Andrew W. PRICE, respondent, v. Dorothy KOWALSKI, appellant.
In an action to recover damages for personal injuries, the defendant appeals from an order of the Supreme Court, Suffolk County (Jones, J.), dated March 27, 1998, which denied her motion for summary judgment dismissing the complaint.
ORDERED that the order is affirmed, with costs.
The plaintiff was rendered a quadriplegic when, after diving into the defendant's pool from a diving board, he struck his head on the bottom of the pool. The defendant moved for summary judgment dismissing the complaint on the ground, inter alia, that she neither created nor had notice of the allegedly dangerous condition. In opposition to the motion the plaintiff submitted, inter alia, the affidavit of a professional engineer stating, among other things, that the pool was too shallow at crucial diving points, the pool was too shallow to have a diving board at all, and this dangerous condition was readily discoverable by a lay person such as the defendant. The Supreme Court denied the motion. We affirm.
“The owner of a private residential swimming pool has a duty to maintain the pool in a reasonably safe condition in view of all the circumstances, including the likelihood of injury to others, the seriousness of the injury and the burden of avoiding the risk” (Herrera v. Piano, 125 A.D.2d 548, 548-549, 509 N.Y.S.2d 829). At issue on the instant appeal, inter alia, is whether the defendant had constructive notice of the allegedly dangerous condition which caused the plaintiff's injuries. “To constitute constructive notice, a defect must be visible and apparent and it must exist for a sufficient length of time prior to the accident to permit [the defendant] to discover and remedy it” (Gordon v. American Museum of Natural History, 67 N.Y.2d 836, 837, 501 N.Y.S.2d 646, 492 N.E.2d 774). Here, the allegedly dangerous condition was unquestionably present for a sufficient time for the defendant to remedy it. She had owned the property since 1987 and the incident occurred in 1995. Further, there is no evidence that the condition was not “visible and apparent” to the defendant. Therefore, the defendant failed to establish a prima facie case that she did not have constructive notice of the condition (see, Colt v. Great Atl. & Pac. Tea Co., 209 A.D.2d 294, 618 N.Y.S.2d 721).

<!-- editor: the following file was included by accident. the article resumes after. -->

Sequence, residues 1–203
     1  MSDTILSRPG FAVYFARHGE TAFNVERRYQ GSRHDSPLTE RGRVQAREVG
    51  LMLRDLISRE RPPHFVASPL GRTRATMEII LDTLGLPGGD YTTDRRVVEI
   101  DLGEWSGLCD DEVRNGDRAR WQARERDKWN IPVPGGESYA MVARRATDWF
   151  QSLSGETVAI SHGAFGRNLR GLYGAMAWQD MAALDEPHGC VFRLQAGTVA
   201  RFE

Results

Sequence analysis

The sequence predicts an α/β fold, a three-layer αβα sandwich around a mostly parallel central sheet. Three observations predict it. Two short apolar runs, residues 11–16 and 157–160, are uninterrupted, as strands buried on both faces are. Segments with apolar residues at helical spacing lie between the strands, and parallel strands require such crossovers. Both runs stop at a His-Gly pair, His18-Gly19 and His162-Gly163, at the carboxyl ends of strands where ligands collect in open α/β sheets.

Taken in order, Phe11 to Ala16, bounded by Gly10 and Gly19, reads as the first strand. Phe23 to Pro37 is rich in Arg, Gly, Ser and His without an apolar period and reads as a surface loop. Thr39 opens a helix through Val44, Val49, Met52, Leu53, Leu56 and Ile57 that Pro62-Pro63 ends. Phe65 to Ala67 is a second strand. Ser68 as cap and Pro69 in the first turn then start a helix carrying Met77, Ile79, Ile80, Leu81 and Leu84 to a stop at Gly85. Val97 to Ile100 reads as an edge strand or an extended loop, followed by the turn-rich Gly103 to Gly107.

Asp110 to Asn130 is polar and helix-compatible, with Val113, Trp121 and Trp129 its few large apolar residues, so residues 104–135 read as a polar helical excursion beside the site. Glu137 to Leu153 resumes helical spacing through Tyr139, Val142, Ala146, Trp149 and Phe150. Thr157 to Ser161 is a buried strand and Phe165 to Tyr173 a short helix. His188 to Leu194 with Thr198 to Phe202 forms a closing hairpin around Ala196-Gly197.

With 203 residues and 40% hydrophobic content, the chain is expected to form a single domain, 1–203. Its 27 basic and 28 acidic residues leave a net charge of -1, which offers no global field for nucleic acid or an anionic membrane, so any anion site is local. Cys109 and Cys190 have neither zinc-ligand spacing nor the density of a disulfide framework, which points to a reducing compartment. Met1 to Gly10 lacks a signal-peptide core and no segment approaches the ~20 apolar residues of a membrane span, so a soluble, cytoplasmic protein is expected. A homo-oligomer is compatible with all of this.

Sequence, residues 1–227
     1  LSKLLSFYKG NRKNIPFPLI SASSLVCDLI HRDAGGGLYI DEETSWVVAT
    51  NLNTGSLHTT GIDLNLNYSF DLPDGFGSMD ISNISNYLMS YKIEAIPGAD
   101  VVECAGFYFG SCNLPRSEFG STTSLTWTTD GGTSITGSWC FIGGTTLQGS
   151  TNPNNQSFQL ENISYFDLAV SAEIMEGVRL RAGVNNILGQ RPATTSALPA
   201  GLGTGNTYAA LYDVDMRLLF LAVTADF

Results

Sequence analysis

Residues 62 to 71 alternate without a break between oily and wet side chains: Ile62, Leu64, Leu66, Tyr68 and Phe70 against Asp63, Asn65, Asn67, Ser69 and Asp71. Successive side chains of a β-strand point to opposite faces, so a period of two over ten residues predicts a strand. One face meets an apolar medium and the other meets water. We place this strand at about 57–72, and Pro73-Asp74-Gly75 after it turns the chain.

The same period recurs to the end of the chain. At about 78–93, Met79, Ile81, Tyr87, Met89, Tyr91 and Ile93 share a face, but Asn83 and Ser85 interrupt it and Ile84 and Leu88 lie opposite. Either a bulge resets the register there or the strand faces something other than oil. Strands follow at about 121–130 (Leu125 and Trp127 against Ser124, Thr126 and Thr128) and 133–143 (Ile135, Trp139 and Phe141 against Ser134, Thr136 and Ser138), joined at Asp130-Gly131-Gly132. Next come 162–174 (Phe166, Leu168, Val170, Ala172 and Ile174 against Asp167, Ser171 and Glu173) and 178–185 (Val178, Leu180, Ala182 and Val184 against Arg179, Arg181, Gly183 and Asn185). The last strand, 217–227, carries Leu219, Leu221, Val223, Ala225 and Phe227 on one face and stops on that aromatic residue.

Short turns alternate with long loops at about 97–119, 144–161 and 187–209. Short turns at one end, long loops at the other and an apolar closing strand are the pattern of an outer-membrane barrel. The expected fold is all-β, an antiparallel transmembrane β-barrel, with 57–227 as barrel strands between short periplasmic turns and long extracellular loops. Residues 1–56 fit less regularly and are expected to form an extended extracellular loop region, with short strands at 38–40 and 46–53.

Under the circumstances of this case, the defendant's contention that the plaintiff's conduct was reckless as a matter of law is without merit (see, Silverman v. Zebersky, 174 A.D.2d 615, 616, 571 N.Y.S.2d 317).
MEMORANDUM BY THE COURT.